- The Washington Times - Friday, January 16, 2009

RICHMOND | Gov. Tim Kaine’s proposed budget for 2008-10 will trim nearly $700 million from Virginia’s public education system.

A report presented Thursday to the state Board of Education detailed the amendments proposed by Mr. Kaine, a Democrat, to the Direct Aid to Public Education budget. The reductions are being proposed in light of a projected $2.9 billion drop in overall state general fund revenues stemming from the nationwide economic meltdown.

The proposed amendments to the 2008-10 budget will reduce state funding for K-12 education by $96.1 million in the 2009 fiscal year, which ends June 30, and by $602.6 million in the 2010 fiscal year, which starts July 1, according to the summary presented by Kent Dickey, the Department of Education’s assistant superintendent for finance.

The budget passed in the 2008 General Assembly session included a $961 million increase in state funding from the 2008 fiscal year, but state revenues since have fallen and Mr. Kaine last month had to propose overall spending reductions.

The education reductions in the current fiscal year resulted from lowered projections in enrollment, lower receipts from the Virginia Lottery, which funds public education, and shrinking sales-tax receipts, Mr. Dickey said.

School divisions don’t have the power to raise tax rates, so they will have to make up the losses by finding ways to cut spending.

The report estimates that lottery revenue is expected to be $30.5 million lower in the current fiscal year and $30.8 million lower in the following fiscal year. The estimated amount that K-12 education will receive from state sales-tax receipts is expected to fall by $68.5 million for fiscal 2009, and by $80.1 million the following fiscal year.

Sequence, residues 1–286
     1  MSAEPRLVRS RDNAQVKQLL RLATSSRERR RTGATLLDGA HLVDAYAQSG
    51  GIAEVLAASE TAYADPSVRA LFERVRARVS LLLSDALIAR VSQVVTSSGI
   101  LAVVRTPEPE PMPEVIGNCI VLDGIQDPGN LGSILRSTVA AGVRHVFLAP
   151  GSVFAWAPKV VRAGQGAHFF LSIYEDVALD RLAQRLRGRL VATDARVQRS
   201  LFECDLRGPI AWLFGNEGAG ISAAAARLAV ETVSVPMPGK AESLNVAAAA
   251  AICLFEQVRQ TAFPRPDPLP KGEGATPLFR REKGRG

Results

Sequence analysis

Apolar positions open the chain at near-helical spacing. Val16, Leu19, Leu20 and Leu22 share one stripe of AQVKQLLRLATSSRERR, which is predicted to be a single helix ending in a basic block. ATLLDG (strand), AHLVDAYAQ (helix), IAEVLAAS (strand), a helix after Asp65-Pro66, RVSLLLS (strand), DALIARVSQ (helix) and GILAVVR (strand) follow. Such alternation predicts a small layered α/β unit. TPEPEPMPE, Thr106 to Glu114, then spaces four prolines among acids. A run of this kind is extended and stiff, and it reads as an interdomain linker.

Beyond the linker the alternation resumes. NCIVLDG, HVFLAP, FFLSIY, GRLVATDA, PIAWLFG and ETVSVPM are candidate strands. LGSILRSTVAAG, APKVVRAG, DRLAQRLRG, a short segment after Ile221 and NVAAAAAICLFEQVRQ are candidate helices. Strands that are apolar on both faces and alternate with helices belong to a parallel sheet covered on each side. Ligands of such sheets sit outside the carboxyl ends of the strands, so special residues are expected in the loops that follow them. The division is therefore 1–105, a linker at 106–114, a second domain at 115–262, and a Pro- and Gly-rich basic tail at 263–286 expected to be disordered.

The cuts for the 2010 fiscal year, however, will target actual spending. One measure proposes to cap spending on school support staff, which would result in a reduction of $340.9 million. Eliminating planned 2 percent raises for teachers and support staff will save $71.6 million, and eliminating the use of lottery funds for school construction grants and using lottery funds to pay for education programs now paid for by state general funds would save $55.8 million.

Funding for public schools represents about 34 percent of Virginia’s budget.

The amount of state funding to local school divisions would fall by $375 million, or 6 percent, between the 2009 and 2010 fiscal years under the proposed cuts, Mr. Dickey said.

In Rockingham County, for example, the school division faces a 4 percent revenue reduction, or $4.5 million. Finance Director Cheryl Mast said the division is looking at all departments and programs for potential savings.

Mr. Kaine also is proposing other changes that include allowing school divisions to carry over unspent funds from the 2009 fiscal year to the next, if they meet certain requirements.


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